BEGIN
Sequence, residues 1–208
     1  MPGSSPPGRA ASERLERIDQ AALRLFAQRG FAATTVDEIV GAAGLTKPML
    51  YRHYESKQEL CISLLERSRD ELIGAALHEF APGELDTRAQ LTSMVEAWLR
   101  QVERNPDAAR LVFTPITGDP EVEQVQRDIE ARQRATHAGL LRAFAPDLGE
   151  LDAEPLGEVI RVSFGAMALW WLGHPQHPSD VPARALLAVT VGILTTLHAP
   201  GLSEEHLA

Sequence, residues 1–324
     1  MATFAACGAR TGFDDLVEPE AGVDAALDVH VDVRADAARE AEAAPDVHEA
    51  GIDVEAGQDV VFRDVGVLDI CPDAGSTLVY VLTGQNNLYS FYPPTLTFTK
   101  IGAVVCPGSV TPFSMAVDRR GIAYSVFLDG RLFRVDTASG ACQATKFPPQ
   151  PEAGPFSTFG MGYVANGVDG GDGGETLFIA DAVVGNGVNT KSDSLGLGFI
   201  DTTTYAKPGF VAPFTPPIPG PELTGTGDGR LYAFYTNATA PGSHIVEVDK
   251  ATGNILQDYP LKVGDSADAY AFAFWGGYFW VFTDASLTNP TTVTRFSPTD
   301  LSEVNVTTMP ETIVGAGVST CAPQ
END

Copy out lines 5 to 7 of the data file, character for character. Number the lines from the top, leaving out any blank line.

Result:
   151  LDAEPLGEVI RVSFGAMALW WLGHPQHPSD VPARALLAVT VGILTTLHAP
   201  GLSEEHLA

Sequence, residues 1–324